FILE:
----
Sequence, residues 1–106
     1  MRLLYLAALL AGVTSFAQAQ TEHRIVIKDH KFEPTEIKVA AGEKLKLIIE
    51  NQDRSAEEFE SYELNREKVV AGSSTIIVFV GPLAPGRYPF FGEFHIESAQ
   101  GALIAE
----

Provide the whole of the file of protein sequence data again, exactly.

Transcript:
Sequence, residues 1–106
     1  MRLLYLAALL AGVTSFAQAQ TEHRIVIKDH KFEPTEIKVA AGEKLKLIIE
    51  NQDRSAEEFE SYELNREKVV AGSSTIIVFV GPLAPGRYPF FGEFHIESAQ
   101  GALIAE